Is Amazon moving into the autonomous vehicle industry?

A newly granted patent may give us some hints as to what the service giant has up its sleeve.

Mikael Buck/Amazon

Amazon has a whole bunch of ideas up its sleeve, some of which are a bit more... interesting than others. One of its latest patents tackles a problem that could affect a wide swath of future self-driving cars.

The US Patent and Trademark Office just granted Amazon a patent for a system that deals with self-driving cars and reversible lanes. After all, how would a self-driving car handle a lane that could hold oncoming traffic at seemingly arbitrary times?

Patents don't make for great eye candy, but I bet a five-second glance at this picture gives you an immediate idea of what it's about.

US Patent and Trademark Office

To keep it simple, a central roadway management system would be able to monitor reversible lanes and communicate their status to self-driving cars approaching said lanes. That way, an autonomous vehicle would know which lane is best to drive in without having to rely on visual cues to make a last-minute decision.

Amazon's solution is smart and it could improve driving beyond reversible lanes. Having a central system sending out notifications to individual cars is a staple of vehicle-to-infrastructure (V2I) technology, which multiple automakers have expressed an interest in developing. Given Amazon's interest in autonomy, as well, it's a natural progression for the company to start looking into its own solutions for problems that may still seem far off.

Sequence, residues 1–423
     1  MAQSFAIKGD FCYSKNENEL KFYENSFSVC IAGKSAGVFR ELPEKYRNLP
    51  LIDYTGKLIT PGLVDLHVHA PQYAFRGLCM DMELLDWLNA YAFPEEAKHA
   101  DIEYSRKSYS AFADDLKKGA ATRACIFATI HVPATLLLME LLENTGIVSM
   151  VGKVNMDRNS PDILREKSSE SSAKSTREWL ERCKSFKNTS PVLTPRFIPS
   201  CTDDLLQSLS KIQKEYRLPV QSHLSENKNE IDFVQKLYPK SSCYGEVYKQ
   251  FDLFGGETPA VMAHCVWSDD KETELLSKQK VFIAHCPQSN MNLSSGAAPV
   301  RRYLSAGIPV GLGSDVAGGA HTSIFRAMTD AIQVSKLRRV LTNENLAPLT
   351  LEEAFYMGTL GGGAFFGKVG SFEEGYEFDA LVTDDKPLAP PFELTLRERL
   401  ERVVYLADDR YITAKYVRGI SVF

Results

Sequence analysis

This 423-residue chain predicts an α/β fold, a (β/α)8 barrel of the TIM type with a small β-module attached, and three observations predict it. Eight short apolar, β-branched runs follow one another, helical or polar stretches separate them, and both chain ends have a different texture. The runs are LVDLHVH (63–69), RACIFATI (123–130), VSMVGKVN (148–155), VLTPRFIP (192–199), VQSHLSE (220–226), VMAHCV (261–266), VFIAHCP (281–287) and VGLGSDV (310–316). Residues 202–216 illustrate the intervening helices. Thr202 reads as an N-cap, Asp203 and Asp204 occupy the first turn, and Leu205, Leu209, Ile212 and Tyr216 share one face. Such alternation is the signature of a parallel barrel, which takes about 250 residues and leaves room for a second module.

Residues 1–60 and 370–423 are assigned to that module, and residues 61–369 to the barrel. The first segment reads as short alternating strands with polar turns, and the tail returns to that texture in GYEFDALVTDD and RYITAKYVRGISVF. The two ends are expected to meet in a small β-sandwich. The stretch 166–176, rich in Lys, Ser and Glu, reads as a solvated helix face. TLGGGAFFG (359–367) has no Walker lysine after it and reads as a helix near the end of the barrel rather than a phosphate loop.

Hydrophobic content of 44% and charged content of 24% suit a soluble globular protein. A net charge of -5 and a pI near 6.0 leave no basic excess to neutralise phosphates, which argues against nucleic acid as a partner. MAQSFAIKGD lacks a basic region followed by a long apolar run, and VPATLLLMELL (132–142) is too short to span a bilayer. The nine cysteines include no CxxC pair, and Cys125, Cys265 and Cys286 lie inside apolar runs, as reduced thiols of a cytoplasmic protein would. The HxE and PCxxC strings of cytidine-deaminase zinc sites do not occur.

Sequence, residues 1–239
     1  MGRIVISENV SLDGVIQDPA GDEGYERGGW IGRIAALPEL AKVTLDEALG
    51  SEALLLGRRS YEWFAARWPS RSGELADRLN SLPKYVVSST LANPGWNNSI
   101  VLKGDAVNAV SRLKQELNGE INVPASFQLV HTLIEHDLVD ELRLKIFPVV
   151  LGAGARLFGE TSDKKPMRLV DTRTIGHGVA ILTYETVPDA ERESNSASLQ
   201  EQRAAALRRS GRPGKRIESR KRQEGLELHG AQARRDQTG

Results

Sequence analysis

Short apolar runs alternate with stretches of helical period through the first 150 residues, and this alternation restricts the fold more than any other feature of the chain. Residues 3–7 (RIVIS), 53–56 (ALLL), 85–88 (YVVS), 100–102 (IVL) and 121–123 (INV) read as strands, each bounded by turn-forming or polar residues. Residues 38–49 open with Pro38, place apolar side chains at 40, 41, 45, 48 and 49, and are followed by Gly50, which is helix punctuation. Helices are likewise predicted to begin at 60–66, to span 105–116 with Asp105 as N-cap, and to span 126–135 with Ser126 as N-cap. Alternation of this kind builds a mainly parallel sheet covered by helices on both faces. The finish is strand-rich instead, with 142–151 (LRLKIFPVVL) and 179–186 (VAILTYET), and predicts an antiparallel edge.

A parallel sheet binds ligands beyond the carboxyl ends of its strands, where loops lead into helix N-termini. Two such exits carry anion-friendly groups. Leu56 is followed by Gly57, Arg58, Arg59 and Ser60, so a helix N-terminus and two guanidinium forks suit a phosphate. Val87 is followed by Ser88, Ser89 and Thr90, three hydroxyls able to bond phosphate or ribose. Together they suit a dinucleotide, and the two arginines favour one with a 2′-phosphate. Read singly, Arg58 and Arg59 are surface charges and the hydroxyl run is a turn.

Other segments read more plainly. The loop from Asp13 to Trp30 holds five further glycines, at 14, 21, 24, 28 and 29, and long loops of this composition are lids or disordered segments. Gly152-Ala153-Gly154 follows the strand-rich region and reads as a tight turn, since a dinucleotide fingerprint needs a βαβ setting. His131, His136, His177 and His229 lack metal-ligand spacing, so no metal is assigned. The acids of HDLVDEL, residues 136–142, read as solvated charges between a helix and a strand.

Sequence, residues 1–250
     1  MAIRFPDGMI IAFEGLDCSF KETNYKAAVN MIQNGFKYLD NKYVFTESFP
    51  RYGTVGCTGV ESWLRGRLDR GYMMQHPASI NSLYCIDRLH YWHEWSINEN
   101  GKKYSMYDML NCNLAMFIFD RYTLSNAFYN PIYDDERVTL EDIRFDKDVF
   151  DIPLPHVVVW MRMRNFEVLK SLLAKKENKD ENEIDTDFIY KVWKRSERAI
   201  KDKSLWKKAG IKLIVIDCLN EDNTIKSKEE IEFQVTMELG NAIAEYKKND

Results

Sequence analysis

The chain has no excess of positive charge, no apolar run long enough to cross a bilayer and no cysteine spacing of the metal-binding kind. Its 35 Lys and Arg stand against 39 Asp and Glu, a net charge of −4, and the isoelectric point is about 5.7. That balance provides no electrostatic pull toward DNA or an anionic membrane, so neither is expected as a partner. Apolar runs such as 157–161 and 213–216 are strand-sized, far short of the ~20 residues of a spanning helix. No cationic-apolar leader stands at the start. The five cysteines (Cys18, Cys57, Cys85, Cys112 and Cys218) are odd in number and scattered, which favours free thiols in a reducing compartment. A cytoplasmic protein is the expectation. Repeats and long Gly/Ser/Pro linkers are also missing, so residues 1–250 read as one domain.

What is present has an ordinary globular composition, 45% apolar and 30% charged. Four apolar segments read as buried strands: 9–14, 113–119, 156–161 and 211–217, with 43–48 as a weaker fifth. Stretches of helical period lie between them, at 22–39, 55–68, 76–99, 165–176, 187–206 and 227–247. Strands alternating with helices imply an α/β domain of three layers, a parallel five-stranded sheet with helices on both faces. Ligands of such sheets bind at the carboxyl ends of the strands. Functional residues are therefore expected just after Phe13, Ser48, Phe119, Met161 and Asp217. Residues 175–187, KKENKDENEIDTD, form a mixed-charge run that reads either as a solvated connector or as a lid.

Audi is one automaker that's charging headfirst into V2I development. The company recently announced its Traffic Light Information system, which relies on traffic management center data to determine how long a red or green light will last. It's the first implementation of V2I in a production car, but it only works in certain parts of Nevada for now.

Nissan has a similar idea for self-driving cars. Its Seamless Autonomous Mobility system relies on a center staffed with humans to provide guidance to autonomous vehicles that encounter something strange, like a road that's been partially blocked by police. Over time, machine learning will teach these vehicles how to respond to new issues, based on the solutions presented by the human overseers.

There's no guarantee Amazon will actually do anything with this patent, either. Companies regularly apply for patents to prevent competitors from taking the idea to market first. It could also license its technology out to companies that are willing to make it a reality.

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